Forests and nature also occupy an important place in German medieval and romantic texts, and they strongly marked the national consciousness like nowhere else. If you visit the beautiful forests of Germany, you will certainly understand why – and be sure to pass for a scheduled personal epiphany.


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In Texas, you’ll find German cities stretching from the Coastal Plain in central Texas to the hills.

Colonies like Fredricksburg, Boerne, New Braunfels. Schulenburg, Pflugerville and Walburg, in Williamson County.

This unincorporated community dates from the late 1880s and is home to not one, but two Lutheran churches: the Lutheran Church of Zion and the Lutheran Church of St. Peter.

In 1881, Henrich Doering moved to the region and opened a general store. Five years later, he opened a post office and changed the name of the area from Concordia to Walburg, after his hometown in Germany.

In the 1980s, another young German man moved to town and opened a German restaurant.

“Munich Germany, I was born there and grew up there. When I arrived in Walburg all eyes were on me because I was German, ”said Ronny Tippelt. “What is a German doing here in a German community?” sure he’s the real thing.

“I was accepted and our restaurant became a success.

Over the years, the chefs carry on the legacy of German cuisine from Ronny Tippelt’s Bavarian heritage at the world-renowned Walburg restaurant.

But the dining experience doesn’t end with the food. Tippelt is an accomplished accordionist and yodeler. With Quinten Dubec, he formed the Walburg Boys who play regularly inside the restaurant and in the beer garden at the back.

Dubec even has a music school on site, teaching young musicians so that another generation can continue the tradition.

“So far we’ve got a few drum students, guitar students, and piano students, so it’s starting to go really well,” Dubec said.

The Walburg restaurant is a family-friendly place with an arcade and table football.

So, for a quick Texan-only getaway, you can sit under the canopy of an oak tree and soak up our rich Texan-German culture and maybe take a bit of Bavaria home with you.


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In Texas, you’ll find German cities stretching from the Coastal Plain to central Texas, through the hills.

Colonies like Fredricksburg, Boerne, New Braunfels. Schulenburg, Pflugerville and Walburg, in Williamson County.

This unincorporated community dates from the late 1880s and is home to not one, but two Lutheran churches: the Lutheran Church of Zion and the Lutheran Church of St. Peter.

In 1881, Henrich Doering moved to the region and opened a general store. Five years later, he opened a post office and changed the name of the area from Concordia to Walburg, after his hometown in Germany.

In the 1980s, another young German man moved to town and opened a German restaurant.

“Munich Germany, I was born there and grew up there. When I arrived in Walburg all eyes were on me because I was German, ”said Ronny Tippelt. “What is a German doing here in a German community?” sure he’s the real thing.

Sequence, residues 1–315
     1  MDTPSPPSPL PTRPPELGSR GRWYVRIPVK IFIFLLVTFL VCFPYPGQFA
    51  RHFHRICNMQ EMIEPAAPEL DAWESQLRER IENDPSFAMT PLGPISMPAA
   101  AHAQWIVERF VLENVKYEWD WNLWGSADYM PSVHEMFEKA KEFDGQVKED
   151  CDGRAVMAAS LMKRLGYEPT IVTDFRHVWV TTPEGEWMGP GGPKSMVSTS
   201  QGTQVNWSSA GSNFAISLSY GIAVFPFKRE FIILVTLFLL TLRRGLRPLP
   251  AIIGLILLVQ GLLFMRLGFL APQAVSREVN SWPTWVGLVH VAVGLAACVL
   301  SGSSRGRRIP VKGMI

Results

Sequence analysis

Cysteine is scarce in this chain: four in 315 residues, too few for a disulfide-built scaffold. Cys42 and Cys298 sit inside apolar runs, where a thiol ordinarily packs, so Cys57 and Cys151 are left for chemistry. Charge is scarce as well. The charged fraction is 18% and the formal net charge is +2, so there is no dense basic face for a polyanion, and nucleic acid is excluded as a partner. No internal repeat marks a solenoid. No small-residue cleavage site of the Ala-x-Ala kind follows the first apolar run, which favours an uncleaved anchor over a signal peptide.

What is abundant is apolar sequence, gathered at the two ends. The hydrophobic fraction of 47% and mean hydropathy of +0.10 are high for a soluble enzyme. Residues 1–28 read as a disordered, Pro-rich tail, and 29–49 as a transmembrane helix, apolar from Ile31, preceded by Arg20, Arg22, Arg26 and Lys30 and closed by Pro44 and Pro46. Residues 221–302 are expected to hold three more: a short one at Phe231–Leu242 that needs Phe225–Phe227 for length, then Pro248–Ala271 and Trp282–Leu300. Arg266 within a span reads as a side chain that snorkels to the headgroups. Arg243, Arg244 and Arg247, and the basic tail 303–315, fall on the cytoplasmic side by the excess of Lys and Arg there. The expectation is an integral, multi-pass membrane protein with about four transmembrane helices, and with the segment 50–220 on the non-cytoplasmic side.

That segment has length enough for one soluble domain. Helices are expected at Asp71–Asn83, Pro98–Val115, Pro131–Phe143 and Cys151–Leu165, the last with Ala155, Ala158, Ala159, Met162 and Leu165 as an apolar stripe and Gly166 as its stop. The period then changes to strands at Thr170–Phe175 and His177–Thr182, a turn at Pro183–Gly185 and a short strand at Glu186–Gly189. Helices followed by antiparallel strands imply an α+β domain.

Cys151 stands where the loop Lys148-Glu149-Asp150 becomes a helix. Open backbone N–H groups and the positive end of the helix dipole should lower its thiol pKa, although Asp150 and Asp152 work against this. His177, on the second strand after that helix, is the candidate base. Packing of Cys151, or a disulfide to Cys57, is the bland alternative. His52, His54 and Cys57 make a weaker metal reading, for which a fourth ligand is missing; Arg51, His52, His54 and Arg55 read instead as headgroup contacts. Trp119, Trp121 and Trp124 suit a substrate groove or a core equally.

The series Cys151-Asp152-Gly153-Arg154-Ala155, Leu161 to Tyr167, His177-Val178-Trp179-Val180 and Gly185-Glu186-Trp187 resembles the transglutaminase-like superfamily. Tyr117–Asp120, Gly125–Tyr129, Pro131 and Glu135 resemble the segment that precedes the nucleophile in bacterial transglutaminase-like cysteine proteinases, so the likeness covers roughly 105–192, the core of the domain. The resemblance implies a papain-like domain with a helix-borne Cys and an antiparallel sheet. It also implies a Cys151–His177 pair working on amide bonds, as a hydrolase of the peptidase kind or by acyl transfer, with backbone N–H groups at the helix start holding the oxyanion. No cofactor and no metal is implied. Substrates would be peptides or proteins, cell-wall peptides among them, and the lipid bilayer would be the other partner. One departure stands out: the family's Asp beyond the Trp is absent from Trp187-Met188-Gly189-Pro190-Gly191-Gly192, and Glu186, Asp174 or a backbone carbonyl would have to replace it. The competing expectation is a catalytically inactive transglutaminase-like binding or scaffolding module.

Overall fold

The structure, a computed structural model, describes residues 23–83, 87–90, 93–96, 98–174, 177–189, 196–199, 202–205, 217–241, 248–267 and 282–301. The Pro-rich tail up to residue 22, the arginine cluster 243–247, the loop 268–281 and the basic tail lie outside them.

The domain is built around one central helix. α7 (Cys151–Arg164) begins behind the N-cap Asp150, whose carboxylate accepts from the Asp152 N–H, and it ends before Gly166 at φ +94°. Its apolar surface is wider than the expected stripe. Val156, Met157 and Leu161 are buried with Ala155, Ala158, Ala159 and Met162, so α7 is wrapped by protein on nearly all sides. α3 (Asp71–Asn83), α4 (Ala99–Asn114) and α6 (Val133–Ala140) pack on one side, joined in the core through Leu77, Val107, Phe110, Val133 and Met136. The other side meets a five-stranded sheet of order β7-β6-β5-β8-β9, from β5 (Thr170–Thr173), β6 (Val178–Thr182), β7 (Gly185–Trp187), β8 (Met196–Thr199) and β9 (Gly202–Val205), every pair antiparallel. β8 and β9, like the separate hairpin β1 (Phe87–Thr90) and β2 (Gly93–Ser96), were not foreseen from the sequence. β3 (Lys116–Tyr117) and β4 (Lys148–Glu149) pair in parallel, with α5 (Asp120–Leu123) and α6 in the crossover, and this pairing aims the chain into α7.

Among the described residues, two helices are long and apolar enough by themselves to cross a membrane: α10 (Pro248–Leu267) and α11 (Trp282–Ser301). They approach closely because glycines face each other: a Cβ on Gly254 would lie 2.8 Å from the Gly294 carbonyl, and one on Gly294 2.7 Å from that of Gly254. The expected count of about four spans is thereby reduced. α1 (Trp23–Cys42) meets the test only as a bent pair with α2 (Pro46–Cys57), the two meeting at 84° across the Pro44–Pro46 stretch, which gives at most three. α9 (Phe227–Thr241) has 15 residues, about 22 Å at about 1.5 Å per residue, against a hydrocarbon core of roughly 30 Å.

“I was accepted and our restaurant became a success.

Over the years, the chefs carry on the legacy of German cuisine from Ronny Tippelt’s Bavarian heritage at the world-famous Walburg restaurant.

But the dining experience doesn’t end with the food. Tippelt is an accomplished accordionist and yodeler. With Quinten Dubec, he formed the Walburg Boys who play regularly inside the restaurant and in the beer garden at the back.

Dubec even has a music school on site, teaching young musicians so that another generation can continue the tradition.

“So far we’ve got a few drum students, guitar students, and piano students, so it’s starting to go really well,” Dubec said.

The Walburg restaurant is a family-friendly place with an arcade and table football.

So, for a quick Texan-only getaway, you can sit under the canopy of an oak tree and soak up our rich Texan-German culture and maybe take a bit of Bavaria home with you.


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Sprecherfest returned to Glendale for the first time in over 20 years, with the three-day festival ending on Saturday July 3.

Sprecher Brewing Co. CEO and Chairman Sharad Chadha said that because it’s a classic, they hope to bring it back every year.

The 4th of July weekend was the perfect time for the classical German festival.

“What a way to enjoy our freedom and all that we have,” said Chadha. “It’s a German town you know and our German heritage. Enjoy its good beer, bratwurst sausage, sauerkraut, it’s going to be a lot of fun.”

The festival was filled with German music, food and drink – and a sense of normalcy.

“By drinking beer outside you know that prost-ing and high-five and shaking hands, it’s like we’re back in business and we’re back on top,” Chadha said. .

Sprecherfest 2021 in Glendale

Festival goers enjoyed the beer and food as well as the German atmosphere.

“You are going to have this authentic German beer experience – you can’t go wrong,” said Eric Halverson from Wauwatosa.

“Even if you’re not German you can still enjoy the company, the presence and the culture here, it’s pretty amazing,” said Lindi Ilich of Bay View.

Sprecher has teamed up with Bavarian Bierhaud for the return of the festival.

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Toronto, Ontario – (Newsfile Corp. – March 2, 2021) – Cobalt Blockchain Inc. (TSXV: COBC) (OTC Pink: COBCF) (“COBC“or the”Society”) announced today that, following the Company’s press release dated February 8, 2021, it has completed the debt settlement with two arm’s length creditors issuing 500,000 common shares at a deemed price of $ 0.085 per share to settle a debt of $ 187,822. All shares issued as part of the debt settlement transaction are subject to a 4-month holding period.

About Cobalt Blockchain Inc.